By FPA member Jason K. Branning, CFP®, and M. Ray Grubbs, Ph.D.
Last Updated: April 19, 2010
The Boy Scouts offer a merit badge called orienteering. Orienteering explains how to read a compass so that you will know where you are and where you are going. Let's try some retirement orienteering. We will need a map and a compass. Of course, everyone's situation is different, but these are rules of thumb that may give you a frame of reference for where you are as you think about your retirement. For this article, let's define our map as a retirement plan, and a compass as an adviser.
If you are going on a backpacking trip, you will want to take a map, so you will not get lost in the mountains. Entering retirement without a retirement plan is like going backpacking without a map. Why would a retiree enter retirement without a retirement map? A map's legend will tell us the type of terrain ahead on the trail if we match the legend's symbols with the map's images. We know that where we see a blue squiggly line on the map, we can expect a stream, etc. A good retirement plan will help show you how to maintain your at-retirement lifestyle throughout your life by preparing you for events you may face during retirement.
Beyond a map, you'll be well served to have a compass. The job of a compass is to act as an independent third party that gives you a reference point, by always pointing north. If we equate the compass to an adviser, then a qualified adviser is there to always point toward your goals and help you stay on the right course to arrive where you want to go.
A recent report from the Society of Actuaries details that millions of Americans who are nearing retirement find themselves unable or unwilling to use a retirement map and compass. "Individuals are clearly concerned about their retirement and the associated risks, but many are still not taking the necessary actions and planning to address these issues.1" Why are so few retirees making the necessary changes as they plan for retirement, even though they recognize significant gaps?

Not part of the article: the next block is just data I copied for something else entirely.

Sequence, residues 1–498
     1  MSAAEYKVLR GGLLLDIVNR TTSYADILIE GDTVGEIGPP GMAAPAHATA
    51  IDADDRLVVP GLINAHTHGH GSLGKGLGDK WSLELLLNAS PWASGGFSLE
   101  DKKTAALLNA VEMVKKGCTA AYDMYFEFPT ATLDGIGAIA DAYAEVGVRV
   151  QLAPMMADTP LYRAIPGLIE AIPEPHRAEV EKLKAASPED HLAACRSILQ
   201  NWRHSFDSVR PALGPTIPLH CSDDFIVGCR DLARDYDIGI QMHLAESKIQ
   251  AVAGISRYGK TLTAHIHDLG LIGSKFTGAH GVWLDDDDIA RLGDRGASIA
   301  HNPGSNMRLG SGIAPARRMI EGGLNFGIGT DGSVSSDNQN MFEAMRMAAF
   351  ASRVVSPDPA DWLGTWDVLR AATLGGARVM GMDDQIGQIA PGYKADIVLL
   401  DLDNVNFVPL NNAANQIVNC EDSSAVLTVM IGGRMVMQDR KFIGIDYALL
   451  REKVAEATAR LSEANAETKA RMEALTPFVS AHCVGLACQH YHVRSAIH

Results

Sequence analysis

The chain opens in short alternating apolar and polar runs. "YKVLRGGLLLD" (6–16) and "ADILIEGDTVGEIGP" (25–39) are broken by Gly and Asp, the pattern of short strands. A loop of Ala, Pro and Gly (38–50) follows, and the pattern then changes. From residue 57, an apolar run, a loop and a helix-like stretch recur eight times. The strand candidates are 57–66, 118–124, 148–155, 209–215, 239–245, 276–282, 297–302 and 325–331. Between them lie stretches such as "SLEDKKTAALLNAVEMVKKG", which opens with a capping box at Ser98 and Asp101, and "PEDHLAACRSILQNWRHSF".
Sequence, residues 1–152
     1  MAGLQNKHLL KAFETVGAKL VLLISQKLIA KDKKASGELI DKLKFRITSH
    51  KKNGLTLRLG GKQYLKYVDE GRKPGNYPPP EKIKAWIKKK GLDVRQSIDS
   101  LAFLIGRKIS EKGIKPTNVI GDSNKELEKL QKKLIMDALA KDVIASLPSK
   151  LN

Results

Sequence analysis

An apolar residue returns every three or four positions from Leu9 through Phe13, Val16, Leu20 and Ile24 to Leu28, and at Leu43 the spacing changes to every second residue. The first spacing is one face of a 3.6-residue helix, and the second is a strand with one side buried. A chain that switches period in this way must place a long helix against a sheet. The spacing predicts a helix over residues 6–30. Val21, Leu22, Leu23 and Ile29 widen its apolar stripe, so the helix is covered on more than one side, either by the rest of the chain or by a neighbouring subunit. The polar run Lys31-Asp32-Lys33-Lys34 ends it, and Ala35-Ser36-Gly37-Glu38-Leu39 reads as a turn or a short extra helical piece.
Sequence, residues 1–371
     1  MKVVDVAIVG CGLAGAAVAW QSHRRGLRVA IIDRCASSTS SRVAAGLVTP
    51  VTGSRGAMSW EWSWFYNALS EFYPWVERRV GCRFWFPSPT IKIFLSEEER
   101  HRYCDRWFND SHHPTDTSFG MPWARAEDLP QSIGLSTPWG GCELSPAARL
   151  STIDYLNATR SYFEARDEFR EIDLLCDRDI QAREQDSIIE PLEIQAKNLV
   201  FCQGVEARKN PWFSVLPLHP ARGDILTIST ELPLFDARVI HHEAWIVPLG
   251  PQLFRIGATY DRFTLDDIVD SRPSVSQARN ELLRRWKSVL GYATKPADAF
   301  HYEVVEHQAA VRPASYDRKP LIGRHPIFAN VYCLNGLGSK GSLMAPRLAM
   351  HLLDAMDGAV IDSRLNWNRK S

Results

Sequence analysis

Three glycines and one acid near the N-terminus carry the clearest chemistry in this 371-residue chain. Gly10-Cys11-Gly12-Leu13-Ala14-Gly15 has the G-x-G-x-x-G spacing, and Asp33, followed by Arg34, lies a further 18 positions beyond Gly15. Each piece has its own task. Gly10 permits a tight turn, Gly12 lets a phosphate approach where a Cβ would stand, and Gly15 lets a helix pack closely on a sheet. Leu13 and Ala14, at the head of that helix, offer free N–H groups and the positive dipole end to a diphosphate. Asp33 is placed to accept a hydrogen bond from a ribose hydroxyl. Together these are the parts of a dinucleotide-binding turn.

The study does not indicate why retirees are not acting on what they claim to know. Perhaps retirees do not have a retirement map or a compass. Or, perhaps they have a map, but cannot interpret the symbols on the map's legend. Or maybe retirees do not have a third party point of reference and should consult an adviser. If any of these are lacking, it can be a real struggle to determine a comprehensive approach to solving your retirement concerns.
Retirees are encouraged to re-examine the retirement question by starting with the map itself. In hiking, like life, the trail may be risky or rugged at times and you may have to take some detours. Retirees must also be prepared to meet the challenges of outliving their assets, or facing a health or long-term care crisis. With the help of a map and a compass, retirees can be as prepared as is possible to meet these.
In order to help you meet your retirement goals, Modern Retirement Theory2 encourages you to consider framing a retirement plan around two fundamental issues — longevity or how long you will live and then around the conditions within longevity or those things that may happen to you during life.
Modern Retirement Theory (MRT)
Premise 1: An Absolute Goal